Vivekananda Kendra

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Vivekananda Kendra
Formation7 January 1972 (50 years ago) (1972-01-07)
Legal statusActive
HeadquartersKanyakumari, Tamil Nadu, India
Region served
India
Websitewww.vrmvk.org

Vivekananda Kendra is a social and religious organization that has been awarded the nonpartisan Gandhi Peace Prize. It was founded by Eknath Ranade to commemorate the Swami Vivekananda rock at Kanyakumari where Vivekananda sat and meditated for three days in 1892.[1][2][3][4][5][6][7]

History[edit]

Vivekananda Kendra was founded on 7 January 1972 in Kanyakumari, India by Eknath Ranade, a senior pracharak of the Rashtriya Swayamsevak Sangh.

The organisation has constructed a solid waste management and bio-gas plant in Mahabalipuram.[8]

Vivekananda Kendra launched Nationwide Sampark Program "Ek Bharat Vijayi Bharat" on 50th Year of Vivekananda Rock Memorial.

Appreciation[edit]

Vivekananda Kendra received the Gandhi Peace Prize for 2015 for their contribution to rural development, education, development of natural resources.[9]

See also[edit]

References[edit]

  1. ^ Pandya, Samta P. (9 July 2014). "The Vivekananda Kendra in India: Its ideological translations and a critique of its social service". Critical Research on Religion. 2 (2): 116–133. doi:10.1177/2050303214534999. ISSN 2050-3032. S2CID 143748202.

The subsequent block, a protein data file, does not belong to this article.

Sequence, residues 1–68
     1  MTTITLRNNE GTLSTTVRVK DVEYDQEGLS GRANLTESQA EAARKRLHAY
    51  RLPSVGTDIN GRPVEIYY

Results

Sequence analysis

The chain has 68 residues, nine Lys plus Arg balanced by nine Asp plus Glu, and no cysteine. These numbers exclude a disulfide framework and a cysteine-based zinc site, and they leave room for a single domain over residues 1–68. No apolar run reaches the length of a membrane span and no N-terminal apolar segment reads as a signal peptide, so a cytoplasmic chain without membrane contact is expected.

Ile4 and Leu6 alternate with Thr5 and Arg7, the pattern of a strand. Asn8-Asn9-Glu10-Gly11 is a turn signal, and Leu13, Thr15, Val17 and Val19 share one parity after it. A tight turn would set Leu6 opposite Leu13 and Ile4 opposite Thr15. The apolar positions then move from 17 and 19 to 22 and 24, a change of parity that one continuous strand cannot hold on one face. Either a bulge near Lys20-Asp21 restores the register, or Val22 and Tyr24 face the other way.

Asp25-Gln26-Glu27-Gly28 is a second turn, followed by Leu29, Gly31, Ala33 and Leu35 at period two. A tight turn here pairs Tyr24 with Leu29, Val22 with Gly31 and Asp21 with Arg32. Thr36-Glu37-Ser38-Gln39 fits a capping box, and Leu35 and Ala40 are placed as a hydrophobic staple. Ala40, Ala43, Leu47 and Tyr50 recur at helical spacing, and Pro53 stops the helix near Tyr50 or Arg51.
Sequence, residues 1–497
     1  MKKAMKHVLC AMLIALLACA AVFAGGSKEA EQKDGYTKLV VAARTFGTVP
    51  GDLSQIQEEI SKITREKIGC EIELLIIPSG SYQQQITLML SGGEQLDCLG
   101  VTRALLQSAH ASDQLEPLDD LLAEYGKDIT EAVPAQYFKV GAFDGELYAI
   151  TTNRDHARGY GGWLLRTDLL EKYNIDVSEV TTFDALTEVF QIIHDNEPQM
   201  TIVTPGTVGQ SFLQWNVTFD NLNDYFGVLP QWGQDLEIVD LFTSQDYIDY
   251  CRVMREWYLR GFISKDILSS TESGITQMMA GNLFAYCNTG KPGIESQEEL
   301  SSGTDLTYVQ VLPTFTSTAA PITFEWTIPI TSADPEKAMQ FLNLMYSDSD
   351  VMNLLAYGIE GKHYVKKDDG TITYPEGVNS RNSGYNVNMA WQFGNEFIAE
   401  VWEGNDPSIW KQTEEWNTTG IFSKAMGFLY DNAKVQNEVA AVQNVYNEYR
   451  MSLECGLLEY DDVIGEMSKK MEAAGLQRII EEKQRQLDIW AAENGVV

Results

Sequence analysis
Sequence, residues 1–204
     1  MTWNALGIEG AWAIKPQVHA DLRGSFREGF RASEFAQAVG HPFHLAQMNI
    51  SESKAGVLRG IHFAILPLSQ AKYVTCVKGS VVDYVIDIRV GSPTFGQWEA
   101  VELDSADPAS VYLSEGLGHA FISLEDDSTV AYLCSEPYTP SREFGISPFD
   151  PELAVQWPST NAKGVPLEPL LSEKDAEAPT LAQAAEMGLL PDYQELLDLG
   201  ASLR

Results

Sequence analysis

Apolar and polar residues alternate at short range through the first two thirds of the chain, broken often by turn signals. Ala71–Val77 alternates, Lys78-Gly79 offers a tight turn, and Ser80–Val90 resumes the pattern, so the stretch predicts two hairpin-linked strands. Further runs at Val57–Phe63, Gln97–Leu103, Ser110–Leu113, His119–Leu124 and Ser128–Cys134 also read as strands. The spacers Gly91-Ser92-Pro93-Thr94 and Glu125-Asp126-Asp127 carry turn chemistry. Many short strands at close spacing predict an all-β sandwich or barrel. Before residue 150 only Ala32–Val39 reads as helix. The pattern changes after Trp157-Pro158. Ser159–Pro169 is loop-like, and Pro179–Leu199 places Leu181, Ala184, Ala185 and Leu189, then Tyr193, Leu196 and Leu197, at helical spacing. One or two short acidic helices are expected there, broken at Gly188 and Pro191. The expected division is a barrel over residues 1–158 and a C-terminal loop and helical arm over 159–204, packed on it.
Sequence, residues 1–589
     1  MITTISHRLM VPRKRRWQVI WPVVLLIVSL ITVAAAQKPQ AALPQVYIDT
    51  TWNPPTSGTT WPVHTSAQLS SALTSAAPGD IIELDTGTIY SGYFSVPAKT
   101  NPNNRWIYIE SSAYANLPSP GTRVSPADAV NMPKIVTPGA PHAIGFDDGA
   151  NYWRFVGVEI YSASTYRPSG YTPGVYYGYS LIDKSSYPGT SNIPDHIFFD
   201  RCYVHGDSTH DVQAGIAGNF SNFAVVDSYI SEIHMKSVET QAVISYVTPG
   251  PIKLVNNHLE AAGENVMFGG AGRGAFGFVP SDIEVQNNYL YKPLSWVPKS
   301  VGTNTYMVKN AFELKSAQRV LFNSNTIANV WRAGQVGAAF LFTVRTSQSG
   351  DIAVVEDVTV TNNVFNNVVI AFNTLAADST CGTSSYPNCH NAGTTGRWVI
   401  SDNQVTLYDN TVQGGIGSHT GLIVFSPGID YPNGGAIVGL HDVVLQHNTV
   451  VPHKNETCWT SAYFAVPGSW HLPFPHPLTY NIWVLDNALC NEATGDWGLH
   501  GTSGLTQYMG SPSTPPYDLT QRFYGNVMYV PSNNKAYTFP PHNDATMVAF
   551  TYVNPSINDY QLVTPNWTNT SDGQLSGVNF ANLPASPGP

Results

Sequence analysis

2. ^ Beckerlegge, Gwilym (1 March 2010). "'An ordinary organisation run by ordinary people': a study of leadership in Vivekananda Kendra". Contemporary South Asia. 18 (1): 71–88. doi:10.1080/09584930903561689. ISSN 0958-4935. S2CID 145311756.
  3. ^ Beckerlegge, Gwilym (4 December 2013). "Eknath Ranade, Gurus, and Jīvanvratīs: the Vivekananda Kendra's Promotion of the "Yoga Way of Life"". In Singleton, Mark; Goldberg, Ellen (eds.). Gurus of Modern Yoga. Oxford University Press. doi:10.1093/acprof:oso/9780199938704.001.0001. ISBN 9780199345892.
  4. ^ Kanungo, Pralay (30 June 2012). "Fusing the Ideals of the Math with the Ideology of the Sangh? Vivekananda Kendra, Ecumenical Hinduism and Hindu Nationalism". In Zavos, John (ed.). Public Hinduisms. Hinduism in India. SAGE Publications. ISBN 9788132107408.
  5. ^ "Attempts at appropriation". frontline.thehindu.com. Retrieved 7 November 2019.{{cite web}}: CS1 maint: url-status (link)
  6. ^ Chatterji, Angana P. (24 July 2016). "The Biopolitics of Hindu Nationalism: Mournings". Cultural Dynamics. doi:10.1177/0921374004047753. S2CID 145785904.
  7. ^ Pandya, Samta P (24 April 2015). "Governmentality and guru-led movements in India". European Journal of Social Theory. 19 (1): 74–93. doi:10.1177/1368431015579977. ISSN 1368-4310. S2CID 147428389.
  8. ^ Prabhu, M. J. (7 September 2011). "Power from waste: Vivekananda Kendra shows the way". The Hindu. Tamil Nadu, India. Retrieved 13 March 2021.{{cite news}}: CS1 maint: url-status (link)
  9. ^ "President confers Gandhi Peace Prize". All India Radio. 26 February 2019.

Further reading[edit]

External links[edit]